Developer: Ubisoft Montreal
Release Date: Q1 2007
The Prettiest, Noblest Assassin
If you set aside all things Nintendo in their own special, line-hundreds-deep category, the non-Wii-related star of E3 2006 belonged to Ubisoft. The Assassin's Creed demo chamber barely contained the frenzy of last-minute glimpse-seekers during the waning hours of the show. As if the situation weren't dire enough already, Steven Spielberg and a small entourage arrived just in time to commandeer the room for 30 precious minutes while all of us who didn't direct "Munich" hassled the PR people for a good position in line once the room reopened.
Assassin's Creed is the next-gen project by the folks who brought us the current generation of Prince of Persiagames. Due for a 2007 release on the PS3, Assassin's Creed will deliver a true next-generation emotional experience and not just dreamy graphics, according to Creed writer Corey May, who also drove the demo. A not-unfamiliar promise, of course, but after the presentation, I'm willing – indeed, eager – to entertain the possibility that the game just might deliver.
Set at the end of 12th century during the Third Crusade, you assume the role of Altair, a member of an assassin's brotherhood for whom contract killing is a noble pursuit. Story details remain sparse, but it looks like Altair will be caught between Crusader and opposing interests while also manipulating both sides toward his own ends. The big surprise moment in the demo came when Altair died at the hands of some angry city guards. At the moment of death, there was no mere Game Over screen, but instead, the stark white interface of a mysterious machine called the Animus appeared. Our guide was mum on the significance of the Animus, hinting only that the game's time setting won't be limited to 1191. Combining Crusader intrigue with whatever futuristic business is going on with Animus sounds like an odd tonal mix, but even at this early stage, it made for an exciting cliffhanger to the brief demo, especially if you're heavy into story, even in the context of an action game.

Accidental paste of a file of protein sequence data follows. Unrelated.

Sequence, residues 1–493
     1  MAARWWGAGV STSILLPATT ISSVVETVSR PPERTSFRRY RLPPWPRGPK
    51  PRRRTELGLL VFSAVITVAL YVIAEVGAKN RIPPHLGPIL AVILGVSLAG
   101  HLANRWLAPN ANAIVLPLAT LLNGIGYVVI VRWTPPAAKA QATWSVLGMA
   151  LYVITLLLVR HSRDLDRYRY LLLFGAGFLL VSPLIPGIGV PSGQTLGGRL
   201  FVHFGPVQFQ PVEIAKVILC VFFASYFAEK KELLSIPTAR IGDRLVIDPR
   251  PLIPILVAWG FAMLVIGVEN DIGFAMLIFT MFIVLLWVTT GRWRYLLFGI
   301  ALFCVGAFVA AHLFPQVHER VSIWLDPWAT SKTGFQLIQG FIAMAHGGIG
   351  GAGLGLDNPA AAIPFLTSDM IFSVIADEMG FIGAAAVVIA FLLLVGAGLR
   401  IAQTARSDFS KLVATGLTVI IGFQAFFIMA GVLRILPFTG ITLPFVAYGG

The world of Assassin's Creed will include three cities, two outdoor kingdom environments and some fortresses, too. The demo began with Altair jumping on a horse and heading for the city of Acre shortly after a battle between Crusaders and the Saracens. Making his way through debris and into the city, Altair happened upon two Crusaders harassing a local woman, offering the first of what Ubisoft promises will be many ethical dilemmas facing you in the game: Help this NPC and risk angering the crusaders, potentially complicating your other tasks, or turn a blind eye and get on with the assassinating. Complications make for better demos, so our Ubisoft guide killed one Crusader (the other scurried over a wall to escape) and won the woman's favor. In Assassin's Creed, though, NPCs will exist in an RPG-like web of faction relationships, so your choices to lend a hand, or not, are going to have consequences.
NPCs filled the market square as Altair scoped out his target using his assassin's instinct to blur out non-targets and cause the soon-to-be-deceased to glow with the distinct aura of the doomed. You'll be able to switch between high-profile and low-profile modes as you wind through crowds and toward your marks, either gently tapping NPCs on the shoulder or shoving them out of your way – and getting an appropriate response from those who don't like to be pushed around. Townsfolk also will shriek and flee when you draw your sword or attack someone unprovoked.